Currently, I am in the process of directing a play for kids ranging from 4th grade and up, including two of my own children.
Now, the process has gotten off to a rocky start. Originally, I was going to direct the play The Princess and the Goblin by George MacDonald, but we had trouble finding boy actors. On top of that, another actor quit.
We were now short two actors.
So with time running out, I decided to switch gears and direct my own play called June is Fading. It relied on a smaller cast, and I could change it to fit the need of the cast.
Before we could start the rehearsal for that play, however, I had another actor drop out. Fortunately, I was able to replace that actor quickly.
Needless to say, it has been extremely difficult and demoralizing for the cast, and myself.
But there are lessons to be learned; lessons I’ve been trying to teach my daughters. Lessons I’ve been trying to learn myself.
The lesson is this: Don’t Quit!
When things grow difficult in life, for many people, myself included, the temptation is to give up. I'm sure all of us have felt this before. And probably, we’ve all given up on things. Sometimes you have to. Sometimes the circumstances are beyond our control. That is completely understandable. We’ve all been there. But I am not talking about those instances.
We’ve seen it happen in our lives. People giving up for whatever reason – legitimate or not. They’ve given up on marriages, parenting, professions, hobbies, dreams, and plays. The list could go on and on.
The sad truth is this - when someone quits, someone else suffers. (We are obviously not talking about quitting a bad habit or an addiction. Please, by all means, quit that.)
Sometimes, I think, we in America see nothing wrong with quitting. Parents sometimes force their children to quit. The excuses can be endless – too much homework, not enough time, didn’t like it, wanted to do something else, etc…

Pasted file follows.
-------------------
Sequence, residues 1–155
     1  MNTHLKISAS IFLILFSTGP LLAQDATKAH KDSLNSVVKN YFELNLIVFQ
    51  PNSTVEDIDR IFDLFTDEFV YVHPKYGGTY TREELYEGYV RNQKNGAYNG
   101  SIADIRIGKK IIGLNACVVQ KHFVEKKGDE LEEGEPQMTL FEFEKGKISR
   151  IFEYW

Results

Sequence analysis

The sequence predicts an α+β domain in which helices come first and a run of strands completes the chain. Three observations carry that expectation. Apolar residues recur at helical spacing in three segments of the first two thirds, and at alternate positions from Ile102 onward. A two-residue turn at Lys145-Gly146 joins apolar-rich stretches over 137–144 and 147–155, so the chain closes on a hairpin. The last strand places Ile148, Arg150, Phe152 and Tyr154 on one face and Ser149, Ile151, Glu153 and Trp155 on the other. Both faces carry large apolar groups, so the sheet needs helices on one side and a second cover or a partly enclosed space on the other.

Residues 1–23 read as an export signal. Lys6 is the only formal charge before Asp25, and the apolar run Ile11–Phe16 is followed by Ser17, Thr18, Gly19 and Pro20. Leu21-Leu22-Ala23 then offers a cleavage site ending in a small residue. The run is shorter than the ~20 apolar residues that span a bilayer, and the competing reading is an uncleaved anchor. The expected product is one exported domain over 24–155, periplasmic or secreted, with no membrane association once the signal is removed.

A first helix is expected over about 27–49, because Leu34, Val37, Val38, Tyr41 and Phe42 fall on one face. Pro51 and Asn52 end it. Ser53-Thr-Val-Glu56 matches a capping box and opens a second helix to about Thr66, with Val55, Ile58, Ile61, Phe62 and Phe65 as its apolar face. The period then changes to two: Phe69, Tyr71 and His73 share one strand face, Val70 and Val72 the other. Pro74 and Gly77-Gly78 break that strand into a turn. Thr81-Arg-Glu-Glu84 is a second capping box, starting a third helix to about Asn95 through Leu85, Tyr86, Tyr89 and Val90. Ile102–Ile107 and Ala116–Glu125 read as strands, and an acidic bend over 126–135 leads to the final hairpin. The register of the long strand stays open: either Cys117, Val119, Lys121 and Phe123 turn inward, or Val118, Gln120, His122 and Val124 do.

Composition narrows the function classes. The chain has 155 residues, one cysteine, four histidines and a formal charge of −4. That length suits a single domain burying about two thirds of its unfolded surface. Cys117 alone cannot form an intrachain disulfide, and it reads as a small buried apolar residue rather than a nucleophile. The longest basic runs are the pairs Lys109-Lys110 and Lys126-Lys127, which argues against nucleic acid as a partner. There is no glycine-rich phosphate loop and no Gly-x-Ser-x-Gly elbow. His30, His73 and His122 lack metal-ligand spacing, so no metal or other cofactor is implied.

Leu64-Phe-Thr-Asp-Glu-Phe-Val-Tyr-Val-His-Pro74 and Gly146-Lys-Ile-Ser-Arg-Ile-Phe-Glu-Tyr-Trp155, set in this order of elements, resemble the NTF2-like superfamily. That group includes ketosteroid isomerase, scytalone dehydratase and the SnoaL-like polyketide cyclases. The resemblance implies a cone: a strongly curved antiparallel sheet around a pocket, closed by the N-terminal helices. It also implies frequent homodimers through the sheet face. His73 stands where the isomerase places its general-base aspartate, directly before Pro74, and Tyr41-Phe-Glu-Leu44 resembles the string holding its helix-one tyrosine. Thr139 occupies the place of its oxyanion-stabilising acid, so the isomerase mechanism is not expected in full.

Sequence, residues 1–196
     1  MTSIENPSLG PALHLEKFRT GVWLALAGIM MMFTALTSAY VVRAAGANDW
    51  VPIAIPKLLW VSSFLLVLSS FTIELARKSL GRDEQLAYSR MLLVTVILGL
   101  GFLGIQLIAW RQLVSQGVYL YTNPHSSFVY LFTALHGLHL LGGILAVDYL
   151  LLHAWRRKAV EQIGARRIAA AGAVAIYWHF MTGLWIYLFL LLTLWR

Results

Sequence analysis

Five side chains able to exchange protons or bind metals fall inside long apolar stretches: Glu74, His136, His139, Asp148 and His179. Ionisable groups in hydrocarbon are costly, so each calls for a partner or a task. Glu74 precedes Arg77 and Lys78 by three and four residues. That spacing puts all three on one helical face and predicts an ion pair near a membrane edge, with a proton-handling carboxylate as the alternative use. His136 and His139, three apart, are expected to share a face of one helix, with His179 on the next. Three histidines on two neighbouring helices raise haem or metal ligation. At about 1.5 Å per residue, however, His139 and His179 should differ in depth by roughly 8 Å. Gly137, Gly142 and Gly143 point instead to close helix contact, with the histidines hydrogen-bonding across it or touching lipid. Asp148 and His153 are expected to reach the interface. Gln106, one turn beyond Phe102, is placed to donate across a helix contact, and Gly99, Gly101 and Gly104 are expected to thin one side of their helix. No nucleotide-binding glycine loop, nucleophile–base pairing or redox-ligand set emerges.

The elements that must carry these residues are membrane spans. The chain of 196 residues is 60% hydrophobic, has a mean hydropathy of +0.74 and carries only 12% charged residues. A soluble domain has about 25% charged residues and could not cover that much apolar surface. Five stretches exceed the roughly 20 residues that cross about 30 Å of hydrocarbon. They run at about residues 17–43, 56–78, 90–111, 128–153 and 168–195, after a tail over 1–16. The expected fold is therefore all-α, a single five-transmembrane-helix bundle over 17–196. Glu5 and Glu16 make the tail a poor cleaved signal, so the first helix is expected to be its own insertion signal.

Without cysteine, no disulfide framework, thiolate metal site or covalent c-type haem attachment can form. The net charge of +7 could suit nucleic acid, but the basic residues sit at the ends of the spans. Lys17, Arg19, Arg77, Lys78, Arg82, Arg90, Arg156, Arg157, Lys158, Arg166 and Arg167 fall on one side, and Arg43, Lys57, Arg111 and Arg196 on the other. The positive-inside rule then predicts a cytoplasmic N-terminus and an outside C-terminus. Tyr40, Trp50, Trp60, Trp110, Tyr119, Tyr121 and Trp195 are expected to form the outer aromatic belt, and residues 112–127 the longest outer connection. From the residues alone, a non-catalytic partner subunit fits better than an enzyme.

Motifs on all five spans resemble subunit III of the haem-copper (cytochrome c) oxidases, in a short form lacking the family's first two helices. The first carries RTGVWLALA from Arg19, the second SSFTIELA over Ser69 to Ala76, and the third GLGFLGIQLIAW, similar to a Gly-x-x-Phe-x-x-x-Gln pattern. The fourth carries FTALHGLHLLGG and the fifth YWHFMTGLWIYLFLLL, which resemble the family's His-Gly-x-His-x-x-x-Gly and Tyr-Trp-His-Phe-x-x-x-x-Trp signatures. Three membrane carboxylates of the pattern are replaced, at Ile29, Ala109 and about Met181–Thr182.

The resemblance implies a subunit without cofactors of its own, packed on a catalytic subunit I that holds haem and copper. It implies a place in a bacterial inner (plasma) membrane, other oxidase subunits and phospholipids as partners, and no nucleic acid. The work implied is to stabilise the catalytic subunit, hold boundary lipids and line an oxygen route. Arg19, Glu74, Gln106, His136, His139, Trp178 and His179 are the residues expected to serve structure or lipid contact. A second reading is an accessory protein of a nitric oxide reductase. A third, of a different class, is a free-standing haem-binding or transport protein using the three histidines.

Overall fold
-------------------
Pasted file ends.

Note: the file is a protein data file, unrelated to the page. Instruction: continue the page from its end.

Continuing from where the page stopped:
But in the end, what are we teaching them when we allow them to break a commitment? Are we telling them that when things get difficult, give up?
As an adult, the answers aren’t that simple. You can’t just walk out on a job when it grows difficult. The same goes with marriage and family.
Now some people will say, “Well, that’s a different case. Just because you quit one thing, doesn’t mean you will quit other things.”
I agree. But I also believe that quitting can be habit forming. It is also character forming. It tells the world that you can’t be trusted.
Quitting is character forming.
This is something I’ve seen in my children.
The desire to quit something because it is difficult runs thickly in mankind’s blood. But as a parent, one of my many jobs is to thin that desire in my children until it is barely traceable.
Quitters are rarely successful. As Douglas MacArthur said, “Age wrinkles the body. Quitting wrinkles the soul.”
It is something you cannot take back. Though you may leave the thing you quit behind, you cannot leave quitting behind. It will walk with you forever.
What credit is there in sticking with only those things that are easy?
In a world where giving up and quitting is commonplace, let us be those persons who stood out. Let us be those persons who rode out the storm. Let us be those persons who didn’t quit.
Scott Keen grew up in New York, the youngest of three children. While in law school, he realized he didn't want to be a lawyer. So he did the practical thing--he became a writer.